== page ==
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US - Infection Risk for Persons Exposed to HP Avian Influenza A H5 Virus–Infected Birds,December 2014–March 2015

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  • US - Infection Risk for Persons Exposed to HP Avian Influenza A H5 Virus–Infected Birds,December 2014–March 2015

    Infection Risk for Persons Exposed to Highly Pathogenic Avian Influenza A H5 Virus–Infected Birds, United States, December 2014–March 2015

    Abstract

    Newly emerged highly pathogenic avian influenza (HPAI) A H5 viruses have caused outbreaks among birds in the United States. These viruses differ genetically from HPAI H5 viruses that previously caused human illness, most notably in Asia and Africa.

    To assess the risk for animal-to-human HPAI H5 virus transmission in the United States, we determined the number of persons with self-reported exposure to infected birds, the number with an acute respiratory infection (ARI) during a 10-day postexposure period, and the number with ARI who tested positive for influenza by real-time reverse transcription PCR or serologic testing for each outbreak during December 15, 2014–March 31, 2015.

    During 60 outbreaks in 13 states, a total of 164 persons were exposed to infected birds. ARI developed in 5 of these persons within 10 days of exposure. H5 influenza virus infection was not identified in any persons with ARI, suggesting a low risk for animal-to-human HPAI H5 virus transmission.


    HPAI H5 virus outbreaks in US birds will likely continue, and additional reassortment with North American viruses may also occur. Although the risk of virus transmission to humans appears to be low, each exposure incident should be reported immediately and investigated collaboratively by animal and human health partners. A rapid response to any potential human cases of HPAI H5 infection in the United States is critical to prevent further cases, evaluate clinical illness, and assess the ability of these viruses to spread among humans.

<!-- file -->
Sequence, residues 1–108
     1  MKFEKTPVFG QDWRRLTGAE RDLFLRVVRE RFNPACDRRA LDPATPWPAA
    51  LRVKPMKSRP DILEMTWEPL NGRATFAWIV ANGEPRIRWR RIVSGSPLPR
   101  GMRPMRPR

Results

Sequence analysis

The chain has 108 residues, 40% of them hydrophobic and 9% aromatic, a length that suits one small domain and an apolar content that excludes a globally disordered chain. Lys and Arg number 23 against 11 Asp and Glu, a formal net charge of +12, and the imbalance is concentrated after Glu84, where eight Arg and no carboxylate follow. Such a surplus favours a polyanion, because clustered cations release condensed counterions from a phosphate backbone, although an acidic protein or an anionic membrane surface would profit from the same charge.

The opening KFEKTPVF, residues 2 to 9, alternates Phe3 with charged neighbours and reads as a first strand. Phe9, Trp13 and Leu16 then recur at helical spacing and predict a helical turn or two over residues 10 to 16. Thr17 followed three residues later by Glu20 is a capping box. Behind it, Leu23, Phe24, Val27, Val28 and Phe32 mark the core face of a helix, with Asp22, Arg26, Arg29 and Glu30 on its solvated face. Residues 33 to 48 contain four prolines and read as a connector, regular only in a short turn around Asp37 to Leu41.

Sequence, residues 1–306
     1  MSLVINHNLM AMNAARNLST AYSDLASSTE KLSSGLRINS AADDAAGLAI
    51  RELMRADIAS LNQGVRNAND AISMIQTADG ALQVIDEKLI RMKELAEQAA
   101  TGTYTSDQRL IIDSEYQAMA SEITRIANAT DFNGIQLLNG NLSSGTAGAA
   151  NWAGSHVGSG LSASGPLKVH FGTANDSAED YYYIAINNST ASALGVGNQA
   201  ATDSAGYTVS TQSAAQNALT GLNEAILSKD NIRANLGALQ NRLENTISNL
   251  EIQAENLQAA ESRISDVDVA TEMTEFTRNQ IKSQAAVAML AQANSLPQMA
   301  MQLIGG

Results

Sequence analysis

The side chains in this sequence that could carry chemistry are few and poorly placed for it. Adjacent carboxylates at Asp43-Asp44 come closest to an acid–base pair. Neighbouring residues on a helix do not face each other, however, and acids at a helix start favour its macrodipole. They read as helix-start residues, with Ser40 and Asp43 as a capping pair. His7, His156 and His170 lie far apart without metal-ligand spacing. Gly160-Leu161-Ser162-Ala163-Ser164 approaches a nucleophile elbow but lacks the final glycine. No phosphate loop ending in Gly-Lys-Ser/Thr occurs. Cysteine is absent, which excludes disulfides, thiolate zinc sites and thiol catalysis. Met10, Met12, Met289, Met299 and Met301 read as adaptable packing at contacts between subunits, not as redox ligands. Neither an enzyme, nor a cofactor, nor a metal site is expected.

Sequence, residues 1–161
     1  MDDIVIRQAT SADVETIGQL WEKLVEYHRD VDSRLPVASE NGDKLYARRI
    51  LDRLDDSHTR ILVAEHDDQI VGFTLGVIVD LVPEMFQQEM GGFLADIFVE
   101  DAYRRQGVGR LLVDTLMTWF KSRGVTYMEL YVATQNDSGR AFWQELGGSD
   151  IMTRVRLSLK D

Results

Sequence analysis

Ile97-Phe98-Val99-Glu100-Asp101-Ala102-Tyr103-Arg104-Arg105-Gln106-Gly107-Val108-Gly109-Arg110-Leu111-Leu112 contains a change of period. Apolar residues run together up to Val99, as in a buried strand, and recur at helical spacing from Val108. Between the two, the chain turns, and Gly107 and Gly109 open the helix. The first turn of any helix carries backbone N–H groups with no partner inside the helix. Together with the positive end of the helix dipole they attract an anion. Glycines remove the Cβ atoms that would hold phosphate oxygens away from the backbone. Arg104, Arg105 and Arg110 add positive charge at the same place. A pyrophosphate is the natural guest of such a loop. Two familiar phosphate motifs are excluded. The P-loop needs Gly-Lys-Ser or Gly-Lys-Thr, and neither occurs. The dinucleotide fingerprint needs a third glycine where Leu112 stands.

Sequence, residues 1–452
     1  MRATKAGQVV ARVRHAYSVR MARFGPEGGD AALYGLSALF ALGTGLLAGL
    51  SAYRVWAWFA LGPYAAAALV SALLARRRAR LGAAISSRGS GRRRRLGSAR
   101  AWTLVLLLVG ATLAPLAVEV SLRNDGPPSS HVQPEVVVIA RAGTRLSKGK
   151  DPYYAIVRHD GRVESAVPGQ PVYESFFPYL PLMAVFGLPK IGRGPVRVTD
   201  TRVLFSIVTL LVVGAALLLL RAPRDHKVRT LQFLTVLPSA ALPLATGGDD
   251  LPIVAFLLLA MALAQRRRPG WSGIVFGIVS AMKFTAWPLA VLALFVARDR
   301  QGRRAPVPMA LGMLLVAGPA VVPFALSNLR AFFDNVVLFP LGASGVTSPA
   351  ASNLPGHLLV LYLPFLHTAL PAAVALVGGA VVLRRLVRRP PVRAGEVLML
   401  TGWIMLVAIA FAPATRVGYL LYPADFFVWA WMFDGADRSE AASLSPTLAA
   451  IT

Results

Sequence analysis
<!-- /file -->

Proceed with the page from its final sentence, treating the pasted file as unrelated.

LINK TO FULL ARTICLE
    Newly emerged highly pathogenic avian influenza (HPAI) A H5 viruses have caused outbreaks among birds in the United States. These viruses differ genetically from HPAI H5 viruses that previously caused human illness, most notably in Asia and Africa. To assess the risk for animal-to-human HPAI H5 virus transmission in the United States, we determined the number of persons with self-reported exposure to infected birds, the number with an acute respiratory infection (ARI) during a 10-day postexposure period, and the number with ARI who tested positive for influenza by real-time reverse transcription PCR or serologic testing for each outbreak during December 15, 2014–March 31, 2015. During 60 outbreaks in 13 states, a total of 164 persons were exposed to infected birds. ARI developed in 5 of these persons within 10 days of exposure. H5 influenza virus infection was not identified in any persons with ARI, suggesting a low risk for animal-to-human HPAI H5 virus transmission.
    “Addressing chronic disease is an issue of human rights – that must be our call to arms"
    Richard Horton, Editor-in-Chief The Lancet

    ~~~~ Twitter:@GertvanderHoek ~~~ GertvanderHoek@gmail.com ~~~
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